# Word unscrambling

This is a discussion on Word unscrambling within the C++ Programming forums, part of the General Programming Boards category; Well the file is large so I found the largest one I could (12 charectors) but said 15 to be ...

1. Well the file is large so I found the largest one I could (12 charectors) but said 15 to be sure. Sorry if this complicates things I didn't realise how important it is. I though it was like when you declare integers larger then you need to prevent overflows.

No we haven't studied letter frequency counter.

Thanks again.

2. The reason why the length of the largest word to be unscrambled is important is due to the time complexity problem.

If you are using a brute force, i.e a permutation generator then a word with 12 letters in it would take a long time to solve.

Whereas, with a letter frequency counter can solve any word of any length.

3. I see. So this means that my program will take along time to solve all ten?

4. >> I see. So this means that my program will take along time to solve all ten?

That totaly depends.

5. Yes, since if you use a permutation generator, then by its very nature you are using a brute force algorithm.

The concept of Letter Frequency counting is explained here:

http://www.codeproject.com/cpp/Jumble.asp

Which is initially where I got my idea to create an efficient word unscrambling utility.

6. Ok. From one of your previous posts, you said to use

Code:
```char word[MAX_WORD_SIZE][FILE_SIZE];
ifstream b_file;
int i;
for(i =0; i < FILE_SIZE; i++)
b_file.in >> word[i];```
This is what I think each line means.

First line - Declare a char variable with the size of the largest word and the size of the file with the unscrambled words (i think)

second line - Open the unscramble file
third line - declare i as an integer variable
fourth line - Set i as o, as long as i is smaller then the file size, increase i by 1 each loop
fifth - Not sure. I think it sets the variable "word" to read the next string every loop. Is that right?

7. char word[MAX_WORD_SIZE][FILE_SIZE];
Do you have to use char arrays or string literals?

***If you have any problems post them here. I've done this before.

What I'd recommend is you read that link and think about a solution to your problem. When you have given it enough thought. Come back here.

Reading files in and out is not a problem. Worry about that later.

8. Thank you so much This page looks very useful. He didn't specify how to do it, he just told us to do how ever we want :S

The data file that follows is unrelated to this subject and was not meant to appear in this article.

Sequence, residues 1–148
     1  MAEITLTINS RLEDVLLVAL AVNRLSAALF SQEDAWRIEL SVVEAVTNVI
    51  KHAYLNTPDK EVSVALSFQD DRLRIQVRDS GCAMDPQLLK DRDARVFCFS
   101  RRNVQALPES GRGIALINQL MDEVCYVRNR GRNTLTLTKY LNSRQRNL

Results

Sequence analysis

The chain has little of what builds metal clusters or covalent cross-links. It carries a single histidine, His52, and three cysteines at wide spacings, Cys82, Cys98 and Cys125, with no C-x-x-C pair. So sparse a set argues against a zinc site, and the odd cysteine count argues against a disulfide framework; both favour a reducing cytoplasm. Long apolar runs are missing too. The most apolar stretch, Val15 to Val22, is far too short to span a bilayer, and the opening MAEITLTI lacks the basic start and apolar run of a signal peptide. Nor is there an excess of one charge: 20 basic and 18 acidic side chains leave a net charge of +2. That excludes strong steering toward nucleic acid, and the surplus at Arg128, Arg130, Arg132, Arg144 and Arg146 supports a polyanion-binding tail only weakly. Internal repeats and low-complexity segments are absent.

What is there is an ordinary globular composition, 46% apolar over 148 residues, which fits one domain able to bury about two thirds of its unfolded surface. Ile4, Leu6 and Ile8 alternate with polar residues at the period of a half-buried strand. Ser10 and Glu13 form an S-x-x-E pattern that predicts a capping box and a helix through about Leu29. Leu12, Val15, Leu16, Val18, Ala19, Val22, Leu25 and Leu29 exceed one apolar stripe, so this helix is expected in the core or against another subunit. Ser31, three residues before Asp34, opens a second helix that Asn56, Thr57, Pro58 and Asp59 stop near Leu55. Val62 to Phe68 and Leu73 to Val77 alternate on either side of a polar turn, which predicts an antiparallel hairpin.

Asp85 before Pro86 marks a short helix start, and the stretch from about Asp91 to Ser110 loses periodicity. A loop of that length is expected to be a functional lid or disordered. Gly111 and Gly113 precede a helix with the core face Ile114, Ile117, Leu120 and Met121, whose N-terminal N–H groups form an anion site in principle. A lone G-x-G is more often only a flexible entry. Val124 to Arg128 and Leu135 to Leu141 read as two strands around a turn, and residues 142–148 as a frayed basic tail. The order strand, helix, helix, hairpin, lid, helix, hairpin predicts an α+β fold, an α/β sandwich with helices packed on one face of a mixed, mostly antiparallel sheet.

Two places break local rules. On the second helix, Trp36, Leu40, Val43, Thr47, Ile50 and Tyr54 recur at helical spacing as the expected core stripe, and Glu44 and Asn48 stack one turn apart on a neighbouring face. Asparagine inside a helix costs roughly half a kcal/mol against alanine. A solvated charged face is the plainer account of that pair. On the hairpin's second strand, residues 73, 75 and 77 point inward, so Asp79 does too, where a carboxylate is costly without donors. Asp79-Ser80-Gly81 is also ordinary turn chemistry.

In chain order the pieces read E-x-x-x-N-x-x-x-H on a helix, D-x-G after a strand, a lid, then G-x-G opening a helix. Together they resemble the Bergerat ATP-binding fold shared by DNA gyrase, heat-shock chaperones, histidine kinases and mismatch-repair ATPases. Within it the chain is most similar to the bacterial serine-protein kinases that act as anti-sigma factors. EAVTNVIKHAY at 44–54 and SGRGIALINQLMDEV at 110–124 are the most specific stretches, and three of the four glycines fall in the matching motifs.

I'll do as you said and come back if I need more help. Once again, thank you so much it really is alot to me.

9. I've run into a problem. At

Code:
```for (vai = all->begin(); vai != all->end(); vai++, cnt++)
cout << cnt + 1 << " " << *vai << endl;
char *strcpy ( char ans, const char *vai );
ofstream a_file ( "answer.txt", ios::app );
a_file<< *vai <<",";
a_file.close();```
it messes up. I tried to make it write the answers to the text file, but it always ends up being squares. I think it's becuase it's writing the memory address to the file so I tried writing vai without the asterix. But it wont compile. Does anyone know why?

10. Just hang on a minute there.

Don't use the code from my link. It's perhaps a little too complicated for you anyway.

What I wanted you to do was actually read the concept behind a letter frequency counter.

Here's what you need to think about.

Let's say I give you a word:-

Code:
`treenef`
I want you to write a program which will spits out the letter frequency count for a specific word.

So...
Code:
```t = 1
r = 1
e =3
n =1
f  =1```
And as I've said before don't worry about file input/output until we've finished this.

11. No wait, I didn't copy it. I read the whole thing, and got an understanding of it and then tried to make his one do what my one has to do. His one couldn't write it to a file. I am not going to use his one trust me, my tutor would notice and I would learn nothing from it. I simply want to know how it would write to a file.

12. Good, don't use that code.

I said worry about file input/output later...

http://www.cprogramming.com/tutorial/lesson10.html

13. Originally Posted by treenef
Good, don't use that code.

I said worry about file input/output later...

http://www.cprogramming.com/tutorial/lesson10.html

What have you got?

Code:
```#include <iostream>

using namespace std;

int main()
{
char array[100]="treenef";

cout<<array[0];
cout<<array[1];

//letter count prog goes here

cin.get();
return 0;
}```

15. I don't quite understand it, so I'm going to re-read it quick.

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